We live in a world where consumers vote with their dollars.
Every time you make a purchase, whether you realize it or not, you are saying whether you are for or against some aspect of society. When you buy organic products instead of non-organic products, that’s a vote. When you buy reusable goods instead of single-use plastics, that’s a vote. When you buy a Tesla instead of a Ford, that’s a vote. Through these aggregate “votes” we see change in the world
But to make these conscious purchasing decisions, we need information.
We need to know that burning fossil fuels is bad for the environment, and driving an electric car reduces your carbon footprint, for example. We need to know the impact of our current actions, as well as the anticipated impact of our changed actions. In some industries, this is conventional wisdom. Beauty products, food products, and consumer packaged goods are marketed in ways that are intended, to some degree, to persuade target audiences with new information that some products are “cleaner” or “healthier” than others.
Over the past ten or so years, we have seen a huge shift in consumer behavior, with more and more people becoming “conscious consumers.” In one example, according to a study conducted by IBM, “Nearly six in 10 consumers surveyed were willing to change their shopping habits to reduce environmental impact. And for those who say it is very/extremely important, over 70 percent would pay a premium of 35 percent, on average, for brands that are sustainable and environmentally responsible.” In short: purpose-driven consumers are becoming a larger and larger part of the global economy.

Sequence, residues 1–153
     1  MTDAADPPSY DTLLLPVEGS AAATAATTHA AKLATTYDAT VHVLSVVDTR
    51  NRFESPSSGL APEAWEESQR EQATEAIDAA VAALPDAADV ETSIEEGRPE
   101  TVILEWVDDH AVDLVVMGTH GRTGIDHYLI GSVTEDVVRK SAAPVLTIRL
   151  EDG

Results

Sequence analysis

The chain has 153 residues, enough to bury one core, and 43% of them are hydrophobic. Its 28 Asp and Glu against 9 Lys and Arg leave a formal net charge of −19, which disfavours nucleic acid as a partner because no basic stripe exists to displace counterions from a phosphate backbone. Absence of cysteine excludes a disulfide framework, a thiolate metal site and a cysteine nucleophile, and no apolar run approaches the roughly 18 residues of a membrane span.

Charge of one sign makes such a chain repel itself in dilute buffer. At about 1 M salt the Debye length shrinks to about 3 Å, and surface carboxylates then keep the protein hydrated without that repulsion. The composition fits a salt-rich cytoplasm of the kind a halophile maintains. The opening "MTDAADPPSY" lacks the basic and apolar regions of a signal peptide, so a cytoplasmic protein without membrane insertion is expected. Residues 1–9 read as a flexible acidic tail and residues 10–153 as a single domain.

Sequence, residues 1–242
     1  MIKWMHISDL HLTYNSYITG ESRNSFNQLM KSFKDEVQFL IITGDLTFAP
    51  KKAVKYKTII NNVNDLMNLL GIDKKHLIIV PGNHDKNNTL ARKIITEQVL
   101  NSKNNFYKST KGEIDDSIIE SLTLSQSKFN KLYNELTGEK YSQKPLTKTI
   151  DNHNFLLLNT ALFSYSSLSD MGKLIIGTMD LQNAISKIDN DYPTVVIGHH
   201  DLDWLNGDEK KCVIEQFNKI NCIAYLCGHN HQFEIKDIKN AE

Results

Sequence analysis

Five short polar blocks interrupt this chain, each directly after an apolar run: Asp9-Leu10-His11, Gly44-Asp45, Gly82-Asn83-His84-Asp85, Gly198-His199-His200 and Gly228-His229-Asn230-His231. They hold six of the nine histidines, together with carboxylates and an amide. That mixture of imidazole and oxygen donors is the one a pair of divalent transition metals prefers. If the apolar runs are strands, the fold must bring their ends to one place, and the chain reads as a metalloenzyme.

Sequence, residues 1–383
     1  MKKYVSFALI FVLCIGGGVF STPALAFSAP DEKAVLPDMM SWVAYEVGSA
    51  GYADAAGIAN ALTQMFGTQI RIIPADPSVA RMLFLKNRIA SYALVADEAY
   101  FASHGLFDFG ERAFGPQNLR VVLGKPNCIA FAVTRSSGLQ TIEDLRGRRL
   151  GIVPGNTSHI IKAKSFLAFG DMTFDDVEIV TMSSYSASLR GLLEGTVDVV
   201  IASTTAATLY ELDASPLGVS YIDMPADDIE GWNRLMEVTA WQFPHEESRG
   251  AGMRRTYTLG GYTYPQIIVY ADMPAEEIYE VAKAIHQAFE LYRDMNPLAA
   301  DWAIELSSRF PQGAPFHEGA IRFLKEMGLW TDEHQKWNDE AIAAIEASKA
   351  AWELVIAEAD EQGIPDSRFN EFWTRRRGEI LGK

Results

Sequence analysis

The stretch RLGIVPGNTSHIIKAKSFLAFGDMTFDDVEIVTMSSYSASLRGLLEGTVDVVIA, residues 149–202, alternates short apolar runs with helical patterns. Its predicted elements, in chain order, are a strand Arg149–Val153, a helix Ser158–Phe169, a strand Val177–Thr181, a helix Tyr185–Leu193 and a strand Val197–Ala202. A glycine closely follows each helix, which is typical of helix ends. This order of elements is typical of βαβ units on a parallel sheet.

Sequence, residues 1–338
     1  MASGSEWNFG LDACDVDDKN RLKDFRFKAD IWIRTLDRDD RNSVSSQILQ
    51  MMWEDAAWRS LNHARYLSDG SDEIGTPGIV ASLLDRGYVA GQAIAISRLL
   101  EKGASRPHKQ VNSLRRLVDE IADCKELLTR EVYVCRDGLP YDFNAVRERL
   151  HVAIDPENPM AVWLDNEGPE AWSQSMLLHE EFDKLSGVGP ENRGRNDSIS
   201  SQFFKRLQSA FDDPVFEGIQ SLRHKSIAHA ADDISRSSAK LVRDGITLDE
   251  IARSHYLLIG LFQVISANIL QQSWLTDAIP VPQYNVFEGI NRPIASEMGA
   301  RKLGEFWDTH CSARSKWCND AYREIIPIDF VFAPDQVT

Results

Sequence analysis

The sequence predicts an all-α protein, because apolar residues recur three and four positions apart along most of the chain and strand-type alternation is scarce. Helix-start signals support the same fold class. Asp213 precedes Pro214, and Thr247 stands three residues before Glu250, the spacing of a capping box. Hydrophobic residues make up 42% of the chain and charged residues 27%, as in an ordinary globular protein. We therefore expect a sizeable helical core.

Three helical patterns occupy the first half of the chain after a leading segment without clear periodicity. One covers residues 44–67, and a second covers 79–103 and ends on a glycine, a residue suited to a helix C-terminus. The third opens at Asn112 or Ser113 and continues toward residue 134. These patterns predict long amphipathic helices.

And yet, in the software industry, these types of consumer trends are only now starting to present themselves.
So when it comes to software, the concept of making “conscious purchasing decisions” hasn’t really existed. Rarely will you see a company make a six-figure software purchase based on more than just feature set and price. And yet, similar to other industries, it’s becoming clear that stakeholders would like to make more conscious decisions—if they had the ability. For example, businesses want to be able to work with other companies based on criteria beyond just price and efficiency.
They want to know:
- Does this business care about diversity?
- Is the company’s board of directors all white males? Are there any women on board? Anyone of color?
- How diverse is the workforce? Do you have employees from different ethnicities, socioeconomic backgrounds, and sexual orientations? Is that important to you?
These are questions that companies big and small are asking themselves—wanting to align with other likeminded companies who share similar values. I want this year, in 2021, to begin to see the “conscious consumer” make his or her way into the software landscape.
Company purchasing decisions also reflect personal values.
We should live in a world where if you want to buy software from a diverse team or company, you should be able to. If you don’t want to renew a contract because a vendor’s values no longer align with your own, you should have the information to make that decision.
“Conscious consumerism” has caused meaningful changes to happen in a wide variety of industries all over the world. But over the next few years, we need to see a second wave of conscious consumerism on the corporate side—one in which decision-makers begin to make purchasing decisions informed by data. This is actually one of the initiatives we’ve been working on here at Clearfind, providing companies with answers to these complicated but largely objective questions.
A great article was published in 2019 titled, What B2B Brands Can Learn From Conscious Consumerism, and the most interesting takeaway is that B2B purchasing decisions are just as emotionally driven as B2C. At the end of the day, it’s a human who is deciding where to spend money and why. And the same way CPG brands and food companies have started to enable consumers to spend their money more wisely and “vote” for businesses doing good in the world, that same trend needs to carry through the B2B landscape.
I believe the world would be a fundamentally better place if some of the largest companies in the world could vote consciously as well.
Let’s make that future right around the corner.